Endless Interview Process Wears Thin

Q.  I’m going back this week for a ninth round of interviews for a job that I’ve been interviewing for over the past four months.  Thankfully, two of the interview rounds have been by phone, but I’ve personally met almost everyone–both above me and below me–in the agency.  I think I want the job, but I’m beginning to wonder about these people and whether I’ll ever reach the finish line.  What happened to the days of risk taking, and firing people if they don’t work out?  -FS

A.  You may be nearing a record for number of separate interview sessions.  I hope your patience is rewarded by a job offer soon.  In the meantime, rest assured that protracted job interviews are common.  This is driven by two key factors–desire of hiring managers to not make mistakes, and the fact the economy allows them to take their time.  Some agencies and corporations also have downsized human resources departments, which extends the processing time of filling jobs. 

When the economy improves, competition for talent will resume and hiring turnaround times will improve.  Until then, applicants are being tested more than ever.  But nine interviews is extreme.  Before agreeing to a tenth interview, you might want to ask this week if there are any other people you could meet during this round.  On a positive note, they’re clearly interested in you, and they want everyone to buy into your coming on board.  Good luck.  You have my vote for perseverance.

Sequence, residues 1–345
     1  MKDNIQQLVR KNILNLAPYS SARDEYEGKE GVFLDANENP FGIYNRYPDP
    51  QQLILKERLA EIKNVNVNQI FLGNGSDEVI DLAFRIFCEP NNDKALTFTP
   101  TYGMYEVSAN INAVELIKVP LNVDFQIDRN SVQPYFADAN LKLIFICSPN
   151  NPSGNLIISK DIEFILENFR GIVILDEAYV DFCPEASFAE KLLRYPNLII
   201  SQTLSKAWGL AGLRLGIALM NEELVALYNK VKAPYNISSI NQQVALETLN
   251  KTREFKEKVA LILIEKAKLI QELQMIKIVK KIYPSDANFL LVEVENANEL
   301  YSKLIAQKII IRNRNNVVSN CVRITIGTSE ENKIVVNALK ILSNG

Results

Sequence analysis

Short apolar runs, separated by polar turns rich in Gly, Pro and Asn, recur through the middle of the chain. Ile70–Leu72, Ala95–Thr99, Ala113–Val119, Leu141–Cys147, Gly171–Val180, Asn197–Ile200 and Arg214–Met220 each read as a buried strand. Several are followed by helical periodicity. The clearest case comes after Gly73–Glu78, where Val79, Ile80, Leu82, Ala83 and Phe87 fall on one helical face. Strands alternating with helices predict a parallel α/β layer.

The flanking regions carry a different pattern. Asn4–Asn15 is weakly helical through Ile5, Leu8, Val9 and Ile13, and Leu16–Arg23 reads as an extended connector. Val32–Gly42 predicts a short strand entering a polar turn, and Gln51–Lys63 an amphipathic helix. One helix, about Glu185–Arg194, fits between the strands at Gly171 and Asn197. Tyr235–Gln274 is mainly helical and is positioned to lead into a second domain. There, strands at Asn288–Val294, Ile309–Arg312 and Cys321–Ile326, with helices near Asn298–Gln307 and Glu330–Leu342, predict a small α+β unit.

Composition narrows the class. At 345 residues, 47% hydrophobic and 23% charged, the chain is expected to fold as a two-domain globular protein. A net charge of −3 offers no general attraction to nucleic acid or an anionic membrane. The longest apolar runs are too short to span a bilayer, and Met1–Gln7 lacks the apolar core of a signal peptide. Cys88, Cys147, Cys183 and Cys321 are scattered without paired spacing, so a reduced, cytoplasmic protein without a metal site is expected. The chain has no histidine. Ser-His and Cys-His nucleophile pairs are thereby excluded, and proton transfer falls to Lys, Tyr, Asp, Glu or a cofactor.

One thought on “Endless Interview Process Wears Thin

  1. I’ve been through a six-round process with similar results. It took the agency about a month to screen out all applicants and accept me to their ranks.

    There are several aspects to be considered when it comes to the length of a job interviewing process. In my case there were three dominant ones:

    1) The HR department was comprised of 2 people, which was certainly not enough, given that Ogilvy CZ and Mather CZ total more than 300 employees.

    2) I was to become a part of a very small team and it was vital for the mutual chemistry to work out.

    3) The agency needed someone but didn’t want to make a costly mistake of hiring someone and having to fire him / her after the probation period. They wanted someone competent.

    I hope this helps to alleviate your despair a bit. My guess is that the interviewers are understaffed and very cautious.

    On the flip side, they definitely like you and believe you can do the job. Endure now! Don’t give up and you will be OK. Best of luck!

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